The New York attorney general has opened an investigation into numerous private equity firms, including Bain Capital, according to an official familiar with the inquiry, CBS News has confirmed.
Attorney General Eric T. Schneiderman is examining whether the firms used a tax strategy to avoid paying hundreds of millions of dollars in taxes. The practice involved converting some fees collected for managing accounts into fund investments, resulting in a tax rate of 15 percent instead of 35 percent.
Republican presidential candidate Mitt Romney co-founded the private equity firm in 1984. He ran the organization until 1999, although documents show that he remained the sole owner, president and chief operating officer until 2002.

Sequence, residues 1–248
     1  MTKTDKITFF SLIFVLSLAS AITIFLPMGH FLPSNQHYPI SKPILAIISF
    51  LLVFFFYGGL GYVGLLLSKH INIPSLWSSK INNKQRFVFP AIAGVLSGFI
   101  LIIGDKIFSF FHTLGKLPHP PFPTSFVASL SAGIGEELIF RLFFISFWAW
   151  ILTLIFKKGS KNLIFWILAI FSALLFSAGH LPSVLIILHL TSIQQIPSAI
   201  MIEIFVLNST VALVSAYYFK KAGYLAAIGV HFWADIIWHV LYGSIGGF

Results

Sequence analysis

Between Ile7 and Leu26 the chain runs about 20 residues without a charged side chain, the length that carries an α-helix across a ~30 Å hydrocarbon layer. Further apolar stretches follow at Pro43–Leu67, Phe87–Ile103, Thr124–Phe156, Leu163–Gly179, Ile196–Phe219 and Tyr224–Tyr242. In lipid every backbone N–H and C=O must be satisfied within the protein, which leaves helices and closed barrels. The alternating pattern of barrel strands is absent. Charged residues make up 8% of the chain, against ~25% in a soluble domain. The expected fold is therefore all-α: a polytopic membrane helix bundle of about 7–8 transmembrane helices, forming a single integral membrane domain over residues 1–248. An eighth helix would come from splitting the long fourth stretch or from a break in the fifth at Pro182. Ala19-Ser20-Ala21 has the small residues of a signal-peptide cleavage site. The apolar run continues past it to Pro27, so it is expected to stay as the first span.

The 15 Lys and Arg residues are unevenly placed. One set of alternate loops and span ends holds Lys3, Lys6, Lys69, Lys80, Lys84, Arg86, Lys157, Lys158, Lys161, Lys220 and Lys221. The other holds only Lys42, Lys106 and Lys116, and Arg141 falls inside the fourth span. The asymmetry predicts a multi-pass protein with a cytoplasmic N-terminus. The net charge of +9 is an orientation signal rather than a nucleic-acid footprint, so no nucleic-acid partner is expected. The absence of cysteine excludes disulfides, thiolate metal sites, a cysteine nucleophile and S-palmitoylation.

The New York Times first reported the investigation of more than a dozen firms. The report indicates that some observers think it is a political motivated investigation by a Democratic attorney general with relations with President Obama, while others say Schneiderman is seeking additional tax revenue for New York.
Tax experts tell the Times they have differing views about the strategy's legality. The New York Times estimates that Bain saved more than $200 million in taxes.
Though Romney collects benefits as a Bain retired partner, the inquiry isn't focused on the time he ran Bain.
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